By Ursula Brantley
One of the things Louisianians take pride in is their legendary Mardi Gras culture. Mardi Gras celebrations became a cornerstone of the state’s roots in the early 18th century. Pre-Lenton celebrations are traditional in countries around the world dating back to Medieval Europe, but they didn’t become part of American history until the late 1600s/early 1700s. It was during this time that explorers Pierre Le Moyne d’Iberville and Jean-Baptiste Sieur de Bienville landed not far from present-day New Orleans. They solidified their landing with a celebration and named their landing spot Pointe du Mardi Gras once their men realized that their arrival fell on Fat Tuesday. Though the property lines of Louisiana have changed over centuries, the culture of Mardi Gras in Louisiana hasn’t dissipated. Mardi Gras is so ingrained in our state’s DNA that in 1875 the signing of the Mardi Gras Act made Fat Tuesday an official holiday in Louisiana. Though other states may have Mardi Gras celebrations, no other state can say that their government offices, schools, or businesses halt operations for a moment because of it. Louisianians never cease to love its sea of purple, green, and gold. The spirit of revelry infects all who have the courage to scream, “THROW ME SOMETHING, MISTER”!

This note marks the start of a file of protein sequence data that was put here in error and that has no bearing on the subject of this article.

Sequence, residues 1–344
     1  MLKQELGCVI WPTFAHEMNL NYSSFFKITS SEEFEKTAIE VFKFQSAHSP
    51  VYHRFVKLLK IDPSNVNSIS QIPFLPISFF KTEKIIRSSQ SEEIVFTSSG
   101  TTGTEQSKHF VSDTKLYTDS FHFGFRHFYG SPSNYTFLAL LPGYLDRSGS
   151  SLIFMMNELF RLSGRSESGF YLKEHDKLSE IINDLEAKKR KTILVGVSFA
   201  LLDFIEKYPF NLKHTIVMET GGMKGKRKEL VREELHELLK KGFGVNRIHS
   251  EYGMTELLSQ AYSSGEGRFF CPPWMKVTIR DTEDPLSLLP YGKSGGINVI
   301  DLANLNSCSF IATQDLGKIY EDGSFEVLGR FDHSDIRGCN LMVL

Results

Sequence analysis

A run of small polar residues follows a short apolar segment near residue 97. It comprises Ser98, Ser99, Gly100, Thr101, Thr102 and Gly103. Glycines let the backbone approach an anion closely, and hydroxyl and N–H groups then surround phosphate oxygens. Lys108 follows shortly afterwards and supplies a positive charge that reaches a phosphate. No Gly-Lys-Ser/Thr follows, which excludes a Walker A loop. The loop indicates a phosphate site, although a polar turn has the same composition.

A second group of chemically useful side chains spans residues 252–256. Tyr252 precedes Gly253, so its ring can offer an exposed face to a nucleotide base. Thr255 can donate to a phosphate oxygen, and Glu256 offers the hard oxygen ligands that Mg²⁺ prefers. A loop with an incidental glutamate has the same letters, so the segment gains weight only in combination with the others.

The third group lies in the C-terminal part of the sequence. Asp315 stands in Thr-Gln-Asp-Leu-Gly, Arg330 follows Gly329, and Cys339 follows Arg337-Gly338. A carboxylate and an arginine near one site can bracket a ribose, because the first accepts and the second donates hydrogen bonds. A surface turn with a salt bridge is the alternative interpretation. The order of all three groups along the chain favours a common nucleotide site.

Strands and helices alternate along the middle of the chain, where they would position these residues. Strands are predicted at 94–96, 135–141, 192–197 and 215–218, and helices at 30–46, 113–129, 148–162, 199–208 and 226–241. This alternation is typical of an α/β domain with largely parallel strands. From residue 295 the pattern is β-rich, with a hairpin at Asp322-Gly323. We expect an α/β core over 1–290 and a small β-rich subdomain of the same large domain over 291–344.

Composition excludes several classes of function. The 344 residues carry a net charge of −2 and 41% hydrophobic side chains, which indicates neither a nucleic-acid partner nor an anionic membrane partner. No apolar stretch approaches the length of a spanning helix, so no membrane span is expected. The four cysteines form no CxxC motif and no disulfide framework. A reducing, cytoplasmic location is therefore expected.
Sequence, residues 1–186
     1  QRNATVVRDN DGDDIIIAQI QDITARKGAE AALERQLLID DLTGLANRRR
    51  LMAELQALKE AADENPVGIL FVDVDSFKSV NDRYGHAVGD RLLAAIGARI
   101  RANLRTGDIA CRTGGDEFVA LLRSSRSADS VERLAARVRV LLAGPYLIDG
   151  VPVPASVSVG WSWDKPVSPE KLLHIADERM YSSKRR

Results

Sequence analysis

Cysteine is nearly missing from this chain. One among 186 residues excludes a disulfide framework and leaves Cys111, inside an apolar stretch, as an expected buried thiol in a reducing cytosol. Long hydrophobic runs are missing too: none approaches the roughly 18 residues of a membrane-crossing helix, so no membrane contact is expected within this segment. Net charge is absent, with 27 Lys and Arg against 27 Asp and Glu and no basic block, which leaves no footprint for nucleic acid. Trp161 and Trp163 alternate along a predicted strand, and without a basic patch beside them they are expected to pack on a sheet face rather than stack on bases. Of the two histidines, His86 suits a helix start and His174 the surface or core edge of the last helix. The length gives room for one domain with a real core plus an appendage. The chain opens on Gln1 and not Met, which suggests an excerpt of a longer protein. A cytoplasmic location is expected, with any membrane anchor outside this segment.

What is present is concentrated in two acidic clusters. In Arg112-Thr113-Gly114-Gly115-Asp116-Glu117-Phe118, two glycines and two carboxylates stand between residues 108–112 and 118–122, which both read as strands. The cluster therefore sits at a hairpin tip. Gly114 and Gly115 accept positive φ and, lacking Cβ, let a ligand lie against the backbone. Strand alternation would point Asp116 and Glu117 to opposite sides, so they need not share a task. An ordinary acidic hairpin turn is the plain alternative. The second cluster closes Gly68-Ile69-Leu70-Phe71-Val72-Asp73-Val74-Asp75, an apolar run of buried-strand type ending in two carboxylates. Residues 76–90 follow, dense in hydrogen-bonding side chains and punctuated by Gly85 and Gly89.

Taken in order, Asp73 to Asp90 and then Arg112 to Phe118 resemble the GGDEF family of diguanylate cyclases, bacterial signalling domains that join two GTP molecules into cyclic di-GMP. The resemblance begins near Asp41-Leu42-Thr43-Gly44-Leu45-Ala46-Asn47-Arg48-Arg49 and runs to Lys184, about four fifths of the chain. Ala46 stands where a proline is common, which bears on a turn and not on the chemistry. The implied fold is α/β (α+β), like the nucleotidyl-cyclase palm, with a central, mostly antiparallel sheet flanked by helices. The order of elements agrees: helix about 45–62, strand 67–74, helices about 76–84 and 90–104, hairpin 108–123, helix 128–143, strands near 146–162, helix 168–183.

Mardi Gras celebrations in Northwest Louisiana began in the late 1980s. In the early 1990s, Matthew Linn, a resident of Shreveport’s Highland neighborhood and Krewe of Highland’s Chairman of the Board, moved back home and had a vision of starting a neighborhood Mardi Gras parade. Linn stated that the idea seemed fun and easy to assemble, so he presented his idea to the Highland Area Partnership who were eager to be part of the movement. Soon after, the Highland Restoration Association along with others joined in. Says Linn, “The Reid, Bonvillian, and Linn families along with a few board members from HRA (Highland Restoration Association) and HAP (Highland Area Partnership) were in the first parade. The Reid family has been and is currently a pillar in our organization. Without Cyndie and Chuck Reid, The Krewe of Highland would not exist”. Over the years, the parade route has changed and expanded due to need. According to Linn, their current route is in support of the Krewe’s dear friend Robert Baucum of Marilynn’s Place, a staple in SBC history. Robert’s brother, Trey, has been the Krewe’s Master of Ceremony for many years. The route may have been modified over the years and other krewes have developed within the Krewe of Highland, but the Highland parade always rolls the Sunday before Fat Tuesday at 2pm.